Doctoral Candidate in Cultural Studies, Claremont Graduate Studies
ABOUT THIS TALK
Despite the proliferation of community-based archives that aim to shift control away from archivist and to ward records creators, existing models, including community-based and post-custodialism, however well intentioned, have been insufficient in disrupting systems of authority and power in archives. The turn toward digital collections and community-university partnerships ultimately perpetuates some of the same pitfalls of traditional models, and even creates new ones. Archives could and should go beyond the logics of possession, whether of physical or digital records, to prioritize human centered-values that position record creators not only as subjects, but as active agents in their own liberation.
This presentation puts forth a “regenerative” praxis that aims to realize the emancipatory potential of archives by prioritizing community ownership, affectivity, and solidarity. Regenerative practices calls on archivists and archival scholars to foster long-term relationships rather than division and separation; to engage in acts of service and reciprocity rather than in power and authority. Such a framework necessarily moves away from traditional archival principles of records acquisition and control over community intellectual property and, instead, moves toward the sharing of wealth and resources through archives-focused mutual aid projects in solidarity with record creators and keepers who wish to control their narratives on their own terms.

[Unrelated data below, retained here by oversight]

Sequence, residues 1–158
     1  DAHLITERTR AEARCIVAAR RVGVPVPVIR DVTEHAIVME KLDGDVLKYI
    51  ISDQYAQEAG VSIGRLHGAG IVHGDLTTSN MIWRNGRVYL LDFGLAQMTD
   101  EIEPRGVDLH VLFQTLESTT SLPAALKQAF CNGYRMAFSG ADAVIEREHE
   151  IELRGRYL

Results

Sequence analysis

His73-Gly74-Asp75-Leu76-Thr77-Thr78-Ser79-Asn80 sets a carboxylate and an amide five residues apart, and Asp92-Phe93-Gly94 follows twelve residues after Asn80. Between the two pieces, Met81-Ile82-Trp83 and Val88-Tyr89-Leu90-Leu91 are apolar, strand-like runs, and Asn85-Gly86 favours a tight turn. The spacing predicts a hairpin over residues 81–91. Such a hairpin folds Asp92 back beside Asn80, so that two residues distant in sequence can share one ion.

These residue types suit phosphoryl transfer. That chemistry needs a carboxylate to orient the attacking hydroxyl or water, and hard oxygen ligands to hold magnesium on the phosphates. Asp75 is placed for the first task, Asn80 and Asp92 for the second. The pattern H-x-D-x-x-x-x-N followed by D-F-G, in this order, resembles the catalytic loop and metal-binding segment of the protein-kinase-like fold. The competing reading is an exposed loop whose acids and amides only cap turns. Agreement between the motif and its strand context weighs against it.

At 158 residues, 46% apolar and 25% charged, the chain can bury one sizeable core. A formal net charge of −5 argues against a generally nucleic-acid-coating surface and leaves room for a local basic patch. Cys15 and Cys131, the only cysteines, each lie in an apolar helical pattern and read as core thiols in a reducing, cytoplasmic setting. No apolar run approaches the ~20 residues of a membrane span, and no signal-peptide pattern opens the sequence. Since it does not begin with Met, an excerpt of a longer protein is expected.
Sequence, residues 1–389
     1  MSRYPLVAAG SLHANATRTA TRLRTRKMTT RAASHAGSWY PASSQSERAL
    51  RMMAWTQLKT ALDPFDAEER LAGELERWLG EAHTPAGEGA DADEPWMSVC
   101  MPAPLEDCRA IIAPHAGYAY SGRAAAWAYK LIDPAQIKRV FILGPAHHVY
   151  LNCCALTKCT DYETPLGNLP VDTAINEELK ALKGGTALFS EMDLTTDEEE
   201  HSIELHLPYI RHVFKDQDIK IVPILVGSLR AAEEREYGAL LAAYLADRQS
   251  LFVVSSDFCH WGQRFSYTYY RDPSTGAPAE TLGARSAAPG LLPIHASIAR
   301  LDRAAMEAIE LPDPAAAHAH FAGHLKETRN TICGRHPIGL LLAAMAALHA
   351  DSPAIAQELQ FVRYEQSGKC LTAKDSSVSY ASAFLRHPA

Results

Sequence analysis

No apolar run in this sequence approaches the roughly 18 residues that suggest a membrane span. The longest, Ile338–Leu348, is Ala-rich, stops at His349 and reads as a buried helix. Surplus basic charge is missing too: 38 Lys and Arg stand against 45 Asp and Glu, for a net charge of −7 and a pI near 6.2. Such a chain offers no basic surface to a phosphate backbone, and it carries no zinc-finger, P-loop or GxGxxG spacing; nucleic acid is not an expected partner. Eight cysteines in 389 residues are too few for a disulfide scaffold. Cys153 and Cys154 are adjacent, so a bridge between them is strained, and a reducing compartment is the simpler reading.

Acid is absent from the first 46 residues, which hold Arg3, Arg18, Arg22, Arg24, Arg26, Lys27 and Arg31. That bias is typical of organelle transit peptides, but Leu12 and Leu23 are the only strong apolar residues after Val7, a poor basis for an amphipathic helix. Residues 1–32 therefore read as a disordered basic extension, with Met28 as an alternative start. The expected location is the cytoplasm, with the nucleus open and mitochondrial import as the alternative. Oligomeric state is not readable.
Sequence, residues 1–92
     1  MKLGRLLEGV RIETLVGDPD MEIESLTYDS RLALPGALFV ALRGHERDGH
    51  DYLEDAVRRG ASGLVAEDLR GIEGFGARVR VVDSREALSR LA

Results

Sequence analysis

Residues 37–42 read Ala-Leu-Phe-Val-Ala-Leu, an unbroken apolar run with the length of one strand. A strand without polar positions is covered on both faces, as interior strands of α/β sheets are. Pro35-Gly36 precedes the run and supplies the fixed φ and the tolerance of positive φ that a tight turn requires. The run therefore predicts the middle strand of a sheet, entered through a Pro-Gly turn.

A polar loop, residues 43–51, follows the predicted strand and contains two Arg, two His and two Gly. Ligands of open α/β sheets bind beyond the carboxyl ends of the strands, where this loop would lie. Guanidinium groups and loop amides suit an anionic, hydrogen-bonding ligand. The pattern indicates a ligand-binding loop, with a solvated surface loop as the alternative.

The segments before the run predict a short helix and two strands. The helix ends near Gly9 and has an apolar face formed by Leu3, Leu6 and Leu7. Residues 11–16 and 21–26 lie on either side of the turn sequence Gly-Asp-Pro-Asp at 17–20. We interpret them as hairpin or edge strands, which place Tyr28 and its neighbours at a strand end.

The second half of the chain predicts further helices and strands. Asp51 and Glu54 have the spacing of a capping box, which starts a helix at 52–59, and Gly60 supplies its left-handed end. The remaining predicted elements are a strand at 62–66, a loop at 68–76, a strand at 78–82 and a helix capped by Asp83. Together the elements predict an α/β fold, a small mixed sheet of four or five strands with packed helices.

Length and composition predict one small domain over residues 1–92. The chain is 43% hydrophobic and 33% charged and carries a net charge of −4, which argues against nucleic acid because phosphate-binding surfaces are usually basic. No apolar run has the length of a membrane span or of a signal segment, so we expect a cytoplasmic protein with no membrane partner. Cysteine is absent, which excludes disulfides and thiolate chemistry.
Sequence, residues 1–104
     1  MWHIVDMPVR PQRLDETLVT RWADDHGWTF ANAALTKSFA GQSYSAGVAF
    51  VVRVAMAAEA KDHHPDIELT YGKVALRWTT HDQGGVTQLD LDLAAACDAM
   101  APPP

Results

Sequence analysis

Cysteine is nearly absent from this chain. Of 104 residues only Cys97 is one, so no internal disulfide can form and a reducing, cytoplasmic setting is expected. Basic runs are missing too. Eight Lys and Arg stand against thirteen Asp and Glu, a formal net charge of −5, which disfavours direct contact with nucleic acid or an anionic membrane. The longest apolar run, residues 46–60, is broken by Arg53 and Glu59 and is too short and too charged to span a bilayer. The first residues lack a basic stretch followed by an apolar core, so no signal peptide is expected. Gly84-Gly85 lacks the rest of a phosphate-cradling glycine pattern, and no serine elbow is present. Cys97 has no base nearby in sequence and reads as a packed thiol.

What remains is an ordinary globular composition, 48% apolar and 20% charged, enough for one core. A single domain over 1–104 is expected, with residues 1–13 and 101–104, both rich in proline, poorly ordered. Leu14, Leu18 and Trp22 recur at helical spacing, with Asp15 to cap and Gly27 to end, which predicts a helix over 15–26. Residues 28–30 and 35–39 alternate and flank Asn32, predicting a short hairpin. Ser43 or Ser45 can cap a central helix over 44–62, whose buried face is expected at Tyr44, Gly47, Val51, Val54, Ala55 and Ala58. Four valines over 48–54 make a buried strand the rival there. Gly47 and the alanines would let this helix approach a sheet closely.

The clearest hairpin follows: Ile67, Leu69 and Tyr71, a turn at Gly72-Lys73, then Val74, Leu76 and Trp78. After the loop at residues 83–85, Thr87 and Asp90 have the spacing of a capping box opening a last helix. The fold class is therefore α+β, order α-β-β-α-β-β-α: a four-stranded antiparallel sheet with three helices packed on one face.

This presentation will highlight the regenerative tactics of ImaginX en Movimiento (IXeM), a digital archives collective based in Tongvaar (Los Angeles basin) that seeks to support archival projects being imagined and built outside of cultural heritage institutions by Black, Indigenous, women and LGBTQIA+ of color, and diasporic groups. IXeM uses minimal computing solutions (cloud storage, social media, photo scanning applications) to build new digital infrastructure for supporting personal archives projects and to co-develop multimedia public history projects with grassroots museums, libraries, and organizations that rebuilds connection, collective power, and deepens our sense of responsibility to one another